I woke up in the hospital to find Luke sat patiently in the visitor’s chair by my bed, chatting to the old woman in the next cubicle. He was surprisingly unsympathetic and treated my accident very matter-of-factly, asking how soon I would be discharged from A&E as though he was there to collect me from the dentists after a check-up or from the salon after a haircut. His indifference to my injuries scared me a little, so I was grateful that it was my mum who came to collect me on my discharge day.
I lay in bed at my parent’s house with my right arm in a bright pink fibreglass cast and my laptop balanced on my knees, checking my emails and replying to all the well wishes that I had received from my fellow students at University. Although I was very uncomfortable, tired and in pain, it was the first time in months that I was truly alone and able to relax. But within only a few days of arriving home, my inbox started to fill with emails from Luke asking when he could see me. I ignored them at first, but when his tone became very irritated and persistent I replied with a short email explaining that it was very difficult to meet him in my current state, especially since mum was constantly watching over me, but promising that I would speak with him in the New Year. The insistence in his emails concerned me a little and I started to wonder why he needed to see me so urgently.
The Christmas celebrations were understandably muted this year. I felt very unwell throughout the festive celebrations and dad persistently asked questions about the circumstances of my accident (I told him that I had got drunk with friends and it was an innocent accident). A concoction of penicillin and painkillers knocked me out for most of Christmas Day and I slept for the entire afternoon (after gagging repeatedly on a beautiful Christmas dinner!).
On New Year’s Eve I had an overwhelming feeling that I needed to see Luke. I don’t know whether it was the whole ‘new beginning’ ambience of New Year or just the fact that we like to have those we love close to us at that time, but it was as though he had a direct number into my brain and he was ringing it like a mobile phone every minute of the day. Although I thought about him constantly, I was afraid to contact him because he had behaved so oddly in the hospital. As fond as I am of Luke, he does have a tendency to become distant and cold at times and he can be quite intimidating when gets fixed in that mindset. But, apprehensions aside, I really needed to be in his presence. I needed his strength. His reassurance.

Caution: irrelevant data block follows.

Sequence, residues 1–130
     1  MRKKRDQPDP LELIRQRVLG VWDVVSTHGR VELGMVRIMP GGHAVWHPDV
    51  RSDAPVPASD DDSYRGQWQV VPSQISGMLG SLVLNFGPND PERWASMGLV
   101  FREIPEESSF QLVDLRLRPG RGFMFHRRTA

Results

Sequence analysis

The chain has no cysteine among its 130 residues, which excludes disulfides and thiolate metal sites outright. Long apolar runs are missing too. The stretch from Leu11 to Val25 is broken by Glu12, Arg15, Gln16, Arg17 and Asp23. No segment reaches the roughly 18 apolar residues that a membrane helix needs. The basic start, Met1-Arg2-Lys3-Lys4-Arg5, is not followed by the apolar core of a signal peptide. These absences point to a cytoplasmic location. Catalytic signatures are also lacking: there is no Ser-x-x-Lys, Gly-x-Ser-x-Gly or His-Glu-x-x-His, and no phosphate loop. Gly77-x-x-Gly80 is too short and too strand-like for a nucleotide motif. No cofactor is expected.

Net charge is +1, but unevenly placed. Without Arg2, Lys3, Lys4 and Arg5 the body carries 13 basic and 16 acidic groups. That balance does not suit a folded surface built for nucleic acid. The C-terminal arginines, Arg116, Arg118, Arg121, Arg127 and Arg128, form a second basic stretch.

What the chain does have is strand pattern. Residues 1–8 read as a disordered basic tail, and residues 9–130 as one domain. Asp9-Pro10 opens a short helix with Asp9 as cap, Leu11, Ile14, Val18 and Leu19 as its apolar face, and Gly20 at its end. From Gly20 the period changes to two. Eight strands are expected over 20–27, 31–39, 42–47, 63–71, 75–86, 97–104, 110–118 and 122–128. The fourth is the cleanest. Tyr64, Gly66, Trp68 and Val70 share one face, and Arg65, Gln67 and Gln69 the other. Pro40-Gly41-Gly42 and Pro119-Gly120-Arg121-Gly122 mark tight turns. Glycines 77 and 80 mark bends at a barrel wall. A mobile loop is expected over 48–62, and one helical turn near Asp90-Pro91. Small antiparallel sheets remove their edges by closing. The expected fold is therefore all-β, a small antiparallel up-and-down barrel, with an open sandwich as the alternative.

Mum came to live with me for a while until I had my cast removed, which was very sweet of her. She left when I told her that Amber was moving in and she would take over mum’s ‘care duties’. But the truth is that Amber didn’t move in. Luke did. The very afternoon that she left he arrived with his bags and started to unpack. It was a strange situation and I wasn’t sure how to interpret our new relationship. Were we a bone-fide couple now? Or was he just keeping a close eye on me to make sure that I didn’t do anything silly again? It has taken some time to get used to having him living with me, but he has been very supportive and useful to have around, although I fear that I am becoming too dependant on him. I bother him all the time, asking silly questions and constantly looking for reassurance. He is patient most of the time, but sometimes he snaps at me like a domineering father. Thankfully he always apologises afterwards so there is never any awkwardness between us. Having said that, I have noticed that his manner has become very ‘professional’. It feels as though he is guarding me rather than living with me, as though has been entrusted with my care and poised on tenterhooks for something unexpected to happen.
But I am happy to tolerate his current volatile, agitated state because I don’t quite know what to expect either. I’ve seen the films and read the books and if they are to be believed then I should be wracked with pain and guilt by now, but apart from an excruciating pain in my arm and a constant feeling of nausea I feel pretty ok. Occasionally I feel a little down and depressed, but the doctor’s tell me that this is a natural reaction to my injuries and it won’t last for long. I describe every strange pain and sensation to Luke in the hope that my body might be showing signs of change, but he is insistent that I should rid myself of any preconceived ideas of transformative processes. He tells me that ‘the largest part of the work is already done’, it is still early days and the medication is giving me an artificial reality at the moment so I should prepare myself for a bumpy ride over the next few months. If truth be told I’m very excited and very apprehensive at the same time. It’s an odd mix of emotion, a little, I expect, like the emotions experienced upon finding out that you’re pregnant.
I am, however, certain of one thing; I’m determined not to become one of those whiny, faux-accented, melancholy types. I intend to preserve as much of my former self as possible and I have no desire whatsoever to be forced into an uncomfortable stereotype just to fulfil a few teenage wet dreams. I will embrace whatever happens and let nature will take its course, however unnaturally that may be…